Over the last few days, I have written on numerous occasions that the school board is all-white and have expressed concern about the board being tone deaf on their appointment process. What I did not know was that Alan Fernandes is in fact Filipino.
I made a mistake in so labelling Alan Fernandes and it represents an important learning point to which everyone can point. I should in fact know better. Our 16-year-old Malachi—many reading this have met him, if you didn’t know better, you would not know that he is in fact part Latino and part African American.
First let me say that I made a mistake and I need to own it and, to the extent that my mistake hurt Alan Fernandes, a man I deeply respect, I apologize.
Whether you agree or disagree with him, he has been a real leader on the board, especially with regard to getting the parcel tax passed. He has pushed his colleagues several times to ask the community for more funding and helped guide that decision, along with his colleague Joe DiNunzio.
On the other hand, it really does not change my overall assessment of the school board situation.
We have reached a pivotal point in our nation’s history. For a long time following the civil rights movement that culminated in the end of legalized discrimination, we have backslid in this nation—we have allowed for pockets of concentrated poverty in communities of color, we have allowed for mass incarceration to become the New Jim Crow, and in the last few years we have seen a resurgence of white supremacy and racial polarization.
But we are in a moment where we have opportunities to change that and this opportunity can become a blip on the radar or it could could become a moment when we can really push the process forward.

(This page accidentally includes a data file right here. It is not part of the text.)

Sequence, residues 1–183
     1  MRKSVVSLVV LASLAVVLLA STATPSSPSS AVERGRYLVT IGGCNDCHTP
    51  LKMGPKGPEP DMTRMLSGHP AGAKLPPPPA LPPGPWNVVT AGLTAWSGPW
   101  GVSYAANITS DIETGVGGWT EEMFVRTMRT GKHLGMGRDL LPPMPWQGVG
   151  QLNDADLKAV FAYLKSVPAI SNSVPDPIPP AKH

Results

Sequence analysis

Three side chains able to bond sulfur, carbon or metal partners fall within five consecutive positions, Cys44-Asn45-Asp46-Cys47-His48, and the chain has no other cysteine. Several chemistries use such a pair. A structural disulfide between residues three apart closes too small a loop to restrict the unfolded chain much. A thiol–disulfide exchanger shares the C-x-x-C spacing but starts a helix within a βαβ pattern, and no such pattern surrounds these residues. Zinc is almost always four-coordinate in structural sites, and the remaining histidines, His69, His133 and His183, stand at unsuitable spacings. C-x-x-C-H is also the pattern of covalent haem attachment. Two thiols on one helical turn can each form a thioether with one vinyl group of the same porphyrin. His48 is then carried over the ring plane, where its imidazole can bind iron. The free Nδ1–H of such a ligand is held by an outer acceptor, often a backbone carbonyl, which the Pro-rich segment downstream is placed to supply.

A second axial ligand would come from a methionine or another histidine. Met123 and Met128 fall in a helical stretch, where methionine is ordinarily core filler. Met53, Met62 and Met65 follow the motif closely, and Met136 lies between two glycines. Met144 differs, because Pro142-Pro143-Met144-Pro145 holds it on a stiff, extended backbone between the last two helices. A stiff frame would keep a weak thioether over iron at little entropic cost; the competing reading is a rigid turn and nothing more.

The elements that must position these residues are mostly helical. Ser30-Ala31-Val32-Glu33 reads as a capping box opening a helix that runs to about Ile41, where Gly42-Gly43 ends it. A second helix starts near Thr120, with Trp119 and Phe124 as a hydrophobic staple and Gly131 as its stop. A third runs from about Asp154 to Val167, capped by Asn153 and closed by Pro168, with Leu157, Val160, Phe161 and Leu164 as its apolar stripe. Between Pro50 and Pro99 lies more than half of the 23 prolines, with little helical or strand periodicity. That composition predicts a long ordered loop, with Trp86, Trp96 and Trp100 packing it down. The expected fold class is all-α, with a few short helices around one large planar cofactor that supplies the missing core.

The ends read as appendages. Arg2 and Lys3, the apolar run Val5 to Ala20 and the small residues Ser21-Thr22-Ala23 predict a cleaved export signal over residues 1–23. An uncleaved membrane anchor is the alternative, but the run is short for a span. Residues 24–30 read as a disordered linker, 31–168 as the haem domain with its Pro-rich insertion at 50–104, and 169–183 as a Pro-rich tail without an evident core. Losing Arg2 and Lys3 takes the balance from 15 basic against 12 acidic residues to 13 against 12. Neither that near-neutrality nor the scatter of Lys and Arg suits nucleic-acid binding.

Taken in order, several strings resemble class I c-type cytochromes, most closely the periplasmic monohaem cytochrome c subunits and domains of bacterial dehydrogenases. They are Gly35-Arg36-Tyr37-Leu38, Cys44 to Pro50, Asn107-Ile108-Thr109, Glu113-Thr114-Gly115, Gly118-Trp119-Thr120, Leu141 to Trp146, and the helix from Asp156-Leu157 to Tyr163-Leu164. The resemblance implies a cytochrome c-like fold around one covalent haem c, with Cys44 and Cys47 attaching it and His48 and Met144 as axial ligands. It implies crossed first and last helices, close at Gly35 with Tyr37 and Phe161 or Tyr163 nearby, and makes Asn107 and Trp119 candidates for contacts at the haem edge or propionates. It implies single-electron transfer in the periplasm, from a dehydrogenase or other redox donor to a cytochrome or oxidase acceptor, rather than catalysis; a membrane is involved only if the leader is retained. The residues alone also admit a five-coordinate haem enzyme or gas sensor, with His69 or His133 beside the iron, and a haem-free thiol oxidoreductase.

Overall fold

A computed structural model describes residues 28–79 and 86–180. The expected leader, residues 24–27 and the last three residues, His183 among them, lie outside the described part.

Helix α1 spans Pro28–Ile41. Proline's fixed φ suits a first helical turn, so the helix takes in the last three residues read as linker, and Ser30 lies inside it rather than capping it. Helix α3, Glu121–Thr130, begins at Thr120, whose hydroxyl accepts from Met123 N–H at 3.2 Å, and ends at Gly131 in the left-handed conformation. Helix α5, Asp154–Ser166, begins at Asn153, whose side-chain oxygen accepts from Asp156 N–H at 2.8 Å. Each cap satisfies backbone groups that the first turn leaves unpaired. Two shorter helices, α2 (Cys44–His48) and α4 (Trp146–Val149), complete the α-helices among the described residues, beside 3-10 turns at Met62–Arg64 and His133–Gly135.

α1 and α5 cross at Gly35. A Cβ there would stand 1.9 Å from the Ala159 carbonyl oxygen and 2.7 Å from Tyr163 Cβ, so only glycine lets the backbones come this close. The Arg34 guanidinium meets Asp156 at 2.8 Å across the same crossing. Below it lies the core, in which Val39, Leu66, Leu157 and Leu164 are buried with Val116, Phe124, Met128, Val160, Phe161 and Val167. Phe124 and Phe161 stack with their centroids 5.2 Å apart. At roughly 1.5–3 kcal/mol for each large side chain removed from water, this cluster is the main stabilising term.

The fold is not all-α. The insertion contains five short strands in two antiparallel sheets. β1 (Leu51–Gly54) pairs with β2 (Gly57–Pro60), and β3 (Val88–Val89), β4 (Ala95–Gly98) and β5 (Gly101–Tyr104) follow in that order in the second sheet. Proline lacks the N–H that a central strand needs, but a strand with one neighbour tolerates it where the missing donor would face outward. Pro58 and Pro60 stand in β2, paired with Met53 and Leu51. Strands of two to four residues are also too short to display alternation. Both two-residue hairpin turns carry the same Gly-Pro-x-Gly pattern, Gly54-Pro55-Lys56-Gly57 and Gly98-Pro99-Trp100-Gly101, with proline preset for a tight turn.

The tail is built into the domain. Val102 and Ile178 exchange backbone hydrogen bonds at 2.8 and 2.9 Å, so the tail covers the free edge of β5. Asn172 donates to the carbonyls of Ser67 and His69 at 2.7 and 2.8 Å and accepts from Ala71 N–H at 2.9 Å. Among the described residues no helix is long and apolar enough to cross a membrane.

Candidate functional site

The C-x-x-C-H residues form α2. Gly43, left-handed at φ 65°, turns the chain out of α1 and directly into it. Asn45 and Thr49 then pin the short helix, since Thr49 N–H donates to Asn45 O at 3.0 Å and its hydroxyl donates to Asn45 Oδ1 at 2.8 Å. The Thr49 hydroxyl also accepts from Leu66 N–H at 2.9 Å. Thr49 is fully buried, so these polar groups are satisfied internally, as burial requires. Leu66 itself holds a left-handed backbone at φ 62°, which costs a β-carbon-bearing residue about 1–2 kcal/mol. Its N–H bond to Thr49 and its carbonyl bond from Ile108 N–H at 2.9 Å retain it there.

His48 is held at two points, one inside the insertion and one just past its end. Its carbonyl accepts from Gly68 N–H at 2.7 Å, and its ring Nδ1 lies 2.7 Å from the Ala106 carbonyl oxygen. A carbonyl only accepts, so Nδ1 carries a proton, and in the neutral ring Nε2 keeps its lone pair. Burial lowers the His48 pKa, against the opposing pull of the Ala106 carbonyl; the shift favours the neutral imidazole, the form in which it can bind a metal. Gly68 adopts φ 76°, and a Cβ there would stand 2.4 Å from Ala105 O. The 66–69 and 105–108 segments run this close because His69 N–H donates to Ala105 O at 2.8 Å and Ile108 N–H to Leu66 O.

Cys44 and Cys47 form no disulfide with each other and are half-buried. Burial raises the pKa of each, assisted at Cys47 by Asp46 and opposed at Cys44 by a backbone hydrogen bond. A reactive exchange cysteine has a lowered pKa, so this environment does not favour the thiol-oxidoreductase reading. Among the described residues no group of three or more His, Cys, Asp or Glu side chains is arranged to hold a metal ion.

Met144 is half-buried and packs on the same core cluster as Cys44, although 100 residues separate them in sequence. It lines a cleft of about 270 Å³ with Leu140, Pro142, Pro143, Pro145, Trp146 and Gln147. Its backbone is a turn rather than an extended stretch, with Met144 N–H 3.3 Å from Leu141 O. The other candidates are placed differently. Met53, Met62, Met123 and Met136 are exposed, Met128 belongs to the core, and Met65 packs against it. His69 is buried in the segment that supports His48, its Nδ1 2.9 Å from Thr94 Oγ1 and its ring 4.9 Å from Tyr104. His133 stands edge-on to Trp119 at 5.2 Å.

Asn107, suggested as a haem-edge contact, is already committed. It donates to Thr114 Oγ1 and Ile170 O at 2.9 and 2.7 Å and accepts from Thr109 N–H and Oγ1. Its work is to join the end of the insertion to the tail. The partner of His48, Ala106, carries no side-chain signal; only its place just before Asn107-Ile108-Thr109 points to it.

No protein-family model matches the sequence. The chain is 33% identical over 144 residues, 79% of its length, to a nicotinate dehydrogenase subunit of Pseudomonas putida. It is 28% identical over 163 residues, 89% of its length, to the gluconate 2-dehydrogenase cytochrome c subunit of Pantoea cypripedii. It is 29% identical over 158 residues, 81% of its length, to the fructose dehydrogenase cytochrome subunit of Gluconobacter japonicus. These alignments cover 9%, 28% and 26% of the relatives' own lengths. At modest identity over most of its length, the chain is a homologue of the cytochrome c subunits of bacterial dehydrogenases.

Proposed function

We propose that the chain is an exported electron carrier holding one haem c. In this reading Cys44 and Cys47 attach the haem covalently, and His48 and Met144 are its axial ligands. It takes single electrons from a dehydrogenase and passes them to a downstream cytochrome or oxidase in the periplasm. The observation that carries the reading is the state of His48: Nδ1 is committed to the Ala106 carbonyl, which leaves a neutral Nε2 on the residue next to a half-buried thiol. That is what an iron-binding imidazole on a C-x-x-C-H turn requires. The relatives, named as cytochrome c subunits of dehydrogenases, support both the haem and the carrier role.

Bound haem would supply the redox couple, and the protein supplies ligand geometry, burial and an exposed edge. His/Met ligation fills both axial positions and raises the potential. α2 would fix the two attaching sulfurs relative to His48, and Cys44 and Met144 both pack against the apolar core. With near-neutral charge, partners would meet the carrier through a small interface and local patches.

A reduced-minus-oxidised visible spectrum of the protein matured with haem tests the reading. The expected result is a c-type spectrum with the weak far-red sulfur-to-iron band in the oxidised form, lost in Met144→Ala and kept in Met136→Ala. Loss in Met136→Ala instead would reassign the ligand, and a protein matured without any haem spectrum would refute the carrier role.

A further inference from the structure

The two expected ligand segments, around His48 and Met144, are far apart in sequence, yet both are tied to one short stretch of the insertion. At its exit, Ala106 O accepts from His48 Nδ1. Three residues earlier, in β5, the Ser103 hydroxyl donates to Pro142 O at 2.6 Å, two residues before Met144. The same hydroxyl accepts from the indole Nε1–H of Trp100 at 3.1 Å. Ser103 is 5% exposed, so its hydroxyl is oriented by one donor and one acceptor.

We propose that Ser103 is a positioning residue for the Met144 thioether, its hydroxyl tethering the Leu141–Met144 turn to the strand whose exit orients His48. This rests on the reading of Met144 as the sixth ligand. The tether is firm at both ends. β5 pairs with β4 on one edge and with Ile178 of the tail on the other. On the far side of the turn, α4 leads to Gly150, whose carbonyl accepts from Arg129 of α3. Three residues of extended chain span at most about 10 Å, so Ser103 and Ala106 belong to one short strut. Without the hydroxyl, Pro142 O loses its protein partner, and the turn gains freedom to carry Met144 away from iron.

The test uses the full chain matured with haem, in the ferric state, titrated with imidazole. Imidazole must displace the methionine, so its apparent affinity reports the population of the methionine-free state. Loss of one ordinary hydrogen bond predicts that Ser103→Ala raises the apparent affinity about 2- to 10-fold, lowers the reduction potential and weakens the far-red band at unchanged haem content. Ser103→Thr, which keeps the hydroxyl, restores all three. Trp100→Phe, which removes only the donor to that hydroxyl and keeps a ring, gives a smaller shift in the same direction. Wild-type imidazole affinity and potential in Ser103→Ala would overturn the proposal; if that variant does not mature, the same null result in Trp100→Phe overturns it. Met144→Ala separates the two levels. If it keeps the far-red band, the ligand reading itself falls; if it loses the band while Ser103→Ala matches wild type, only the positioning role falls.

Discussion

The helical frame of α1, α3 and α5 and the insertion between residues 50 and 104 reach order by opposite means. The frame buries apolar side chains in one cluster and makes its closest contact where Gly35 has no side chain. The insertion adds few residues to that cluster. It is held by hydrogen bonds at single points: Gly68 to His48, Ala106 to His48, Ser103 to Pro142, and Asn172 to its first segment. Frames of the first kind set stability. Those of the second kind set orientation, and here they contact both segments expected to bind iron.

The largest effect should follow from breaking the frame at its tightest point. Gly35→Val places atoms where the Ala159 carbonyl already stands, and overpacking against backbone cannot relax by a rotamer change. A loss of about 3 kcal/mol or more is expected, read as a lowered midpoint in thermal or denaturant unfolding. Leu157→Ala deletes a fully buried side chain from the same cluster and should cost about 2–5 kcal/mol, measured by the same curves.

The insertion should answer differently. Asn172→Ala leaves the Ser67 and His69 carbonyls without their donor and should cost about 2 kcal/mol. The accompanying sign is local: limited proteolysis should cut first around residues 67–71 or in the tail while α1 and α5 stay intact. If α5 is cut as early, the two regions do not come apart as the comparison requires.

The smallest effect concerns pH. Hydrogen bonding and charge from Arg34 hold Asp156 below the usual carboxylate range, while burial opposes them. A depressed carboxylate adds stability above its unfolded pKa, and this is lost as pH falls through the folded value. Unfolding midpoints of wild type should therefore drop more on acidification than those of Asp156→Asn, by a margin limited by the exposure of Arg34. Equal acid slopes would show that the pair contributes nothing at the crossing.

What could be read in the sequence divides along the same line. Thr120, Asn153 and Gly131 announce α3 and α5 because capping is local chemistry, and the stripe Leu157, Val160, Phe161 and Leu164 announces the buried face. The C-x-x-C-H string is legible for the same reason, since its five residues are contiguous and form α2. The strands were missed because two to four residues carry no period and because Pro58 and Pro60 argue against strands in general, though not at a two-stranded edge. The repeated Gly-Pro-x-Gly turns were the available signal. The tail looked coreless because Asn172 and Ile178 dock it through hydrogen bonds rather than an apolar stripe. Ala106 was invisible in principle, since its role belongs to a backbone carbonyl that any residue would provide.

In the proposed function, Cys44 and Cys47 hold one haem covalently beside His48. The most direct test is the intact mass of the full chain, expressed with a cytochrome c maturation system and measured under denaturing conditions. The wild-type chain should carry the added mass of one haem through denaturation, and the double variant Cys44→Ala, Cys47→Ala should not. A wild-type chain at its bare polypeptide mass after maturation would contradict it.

I was disappointed in the decision by the board because they had a rare moment where they had several very qualified women of color, on a board that had gained and lost two powerful women of color previously and a board that is otherwise composed of males.
Commenters had rightly suggested that, in previous times, the board really hasn’t had the opportunity to do what they could have done this week. I regret that they have passed up that opportunity. I have the same belief as before, but I should have framed my point slightly differently.
I want to make something clear and it is a point that Cindy Pickett made in our interview. This isn’t about Joy Klineberg—she is extremely qualified and will be an excellent board member. We should all be grateful that she has offered her services to this community.
Moreover, this isn’t about the other board members who have good intentions and are excellent people.
Cindy Pickett said her now-former colleagues “are doing their best.”
But we also need people who bring to the table different experiences. We are no longer merely a white district. The current demographics show that students are nearly evenly split between white and people of color.
So I think the quote from Maya Angelou is perfect: “Do the best you can until you know better. Then when you know better, do better.”
“There’s no blame or ill-will,” Cindy Pickett told me. “It should be a learning experience.”
That goes for me too. I will try to do better in the future. And I apologize to Alan Fernandes for missing the bigger picture.
—David M. Greenwald reporting